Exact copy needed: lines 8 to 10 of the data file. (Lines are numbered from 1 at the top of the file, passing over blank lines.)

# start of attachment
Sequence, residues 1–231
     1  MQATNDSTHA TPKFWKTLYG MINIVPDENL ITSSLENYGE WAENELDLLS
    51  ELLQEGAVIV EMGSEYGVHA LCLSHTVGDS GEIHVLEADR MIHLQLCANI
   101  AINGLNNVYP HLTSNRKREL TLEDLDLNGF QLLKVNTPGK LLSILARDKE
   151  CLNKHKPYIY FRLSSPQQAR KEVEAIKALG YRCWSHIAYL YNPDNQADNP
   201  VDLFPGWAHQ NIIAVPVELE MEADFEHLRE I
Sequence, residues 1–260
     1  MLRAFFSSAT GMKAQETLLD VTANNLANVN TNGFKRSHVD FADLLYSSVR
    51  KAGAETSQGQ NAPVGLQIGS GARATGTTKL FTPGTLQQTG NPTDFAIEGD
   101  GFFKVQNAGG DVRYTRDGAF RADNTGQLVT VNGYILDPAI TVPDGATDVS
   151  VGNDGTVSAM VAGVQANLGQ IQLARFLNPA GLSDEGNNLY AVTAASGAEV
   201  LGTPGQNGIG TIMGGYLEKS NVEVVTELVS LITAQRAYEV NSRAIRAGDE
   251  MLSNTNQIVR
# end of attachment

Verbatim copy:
     1  MLRAFFSSAT GMKAQETLLD VTANNLANVN TNGFKRSHVD FADLLYSSVR
    51  KAGAETSQGQ NAPVGLQIGS GARATGTTKL FTPGTLQQTG NPTDFAIEGD
   101  GFFKVQNAGG DVRYTRDGAF RADNTGQLVT VNGYILDPAI TVPDGATDVS